For this section, we will be using the **nestpredation.csv** data set

In our third dataset, we analysed the nest predation dataset using a generalised linear model with a binomial distribution, also known as a Logistic Regression.

In this scenario, our data is measuring whether a nest was attacked or not in areas of different shrubcover. When we analyse this using a GLM, it is calculating the probability of a nest being attacked, given different values of shrubcover. As such, we need to plot this in a similar manner.

First let’s demonstrate what happens when we don’t take the binomial distribution into account.

```
ggplot(nest, aes(x=shrubcover, y=nestattacked)) +
geom_point()
```

Notice how it has plotted the points at either 0 or 1 for each of the corresponding shrubcover values. This does not tell us anything about the likelihood of a nest being attacked given a value of shrubcover.

There are multiple methods for producing this plot. The one we will be using generates the relationship between our variables in the code itself.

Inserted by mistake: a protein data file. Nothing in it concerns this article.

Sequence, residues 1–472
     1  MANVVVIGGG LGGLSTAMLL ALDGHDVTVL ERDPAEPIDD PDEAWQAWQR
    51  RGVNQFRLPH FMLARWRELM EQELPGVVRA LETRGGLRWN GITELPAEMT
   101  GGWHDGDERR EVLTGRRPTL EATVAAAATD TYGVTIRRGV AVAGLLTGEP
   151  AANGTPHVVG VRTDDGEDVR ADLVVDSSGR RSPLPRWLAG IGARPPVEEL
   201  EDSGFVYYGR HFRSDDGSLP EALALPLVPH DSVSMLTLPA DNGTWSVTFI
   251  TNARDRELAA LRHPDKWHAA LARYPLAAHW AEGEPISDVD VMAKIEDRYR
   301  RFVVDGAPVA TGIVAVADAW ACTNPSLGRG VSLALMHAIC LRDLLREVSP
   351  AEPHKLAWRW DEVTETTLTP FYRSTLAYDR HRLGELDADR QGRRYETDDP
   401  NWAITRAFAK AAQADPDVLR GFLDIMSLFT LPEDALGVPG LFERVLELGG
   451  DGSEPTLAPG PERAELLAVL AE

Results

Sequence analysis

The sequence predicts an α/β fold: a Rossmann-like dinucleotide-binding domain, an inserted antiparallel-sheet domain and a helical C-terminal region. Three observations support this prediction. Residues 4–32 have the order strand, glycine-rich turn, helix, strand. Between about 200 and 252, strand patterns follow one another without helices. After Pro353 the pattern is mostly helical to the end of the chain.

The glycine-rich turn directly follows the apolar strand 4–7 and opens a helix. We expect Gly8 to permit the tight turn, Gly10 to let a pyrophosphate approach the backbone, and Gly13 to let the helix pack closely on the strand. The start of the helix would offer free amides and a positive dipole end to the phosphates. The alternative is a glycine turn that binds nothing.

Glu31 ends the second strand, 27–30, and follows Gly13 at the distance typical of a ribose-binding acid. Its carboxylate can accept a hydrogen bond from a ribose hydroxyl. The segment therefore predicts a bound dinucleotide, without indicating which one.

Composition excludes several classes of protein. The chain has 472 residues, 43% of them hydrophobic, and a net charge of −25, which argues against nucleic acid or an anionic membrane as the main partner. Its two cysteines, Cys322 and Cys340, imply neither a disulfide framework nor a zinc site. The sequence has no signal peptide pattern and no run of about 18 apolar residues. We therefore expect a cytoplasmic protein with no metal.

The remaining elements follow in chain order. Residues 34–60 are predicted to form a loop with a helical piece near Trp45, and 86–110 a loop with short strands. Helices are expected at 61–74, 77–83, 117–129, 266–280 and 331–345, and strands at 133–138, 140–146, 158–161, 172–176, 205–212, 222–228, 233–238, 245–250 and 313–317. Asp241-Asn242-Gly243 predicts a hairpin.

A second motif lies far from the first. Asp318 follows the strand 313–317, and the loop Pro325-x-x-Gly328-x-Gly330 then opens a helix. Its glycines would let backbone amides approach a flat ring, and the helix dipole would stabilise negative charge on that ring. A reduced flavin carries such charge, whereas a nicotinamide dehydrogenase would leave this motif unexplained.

```
ggplot(nest,aes(x=shrubcover, y=nestattacked)) +
geom_smooth(method = glm, method.args= list(family="binomial"))
```

This method utilises the `geom_smooth()`

function we were using for our linear model. This time we specify the glm relationship in the method argument, instead of lm. We also need to include a second argument called `method.args`

which stands for method arguments, or, additional arguments for the method we have specified. We need to include this so we can inform our code that our distribution (family) is binomial. By including this, we produce our probability curve

As before, we can edit all of the things we did with the linear line because we are using the same command `geom_smooth()`

. Like removing our errorbars.

```
ggplot(nest,aes(x=shrubcover, y=nestattacked)) +
geom_point()+
geom_smooth(method = glm, method.args= list(family="binomial"), se=FALSE)
```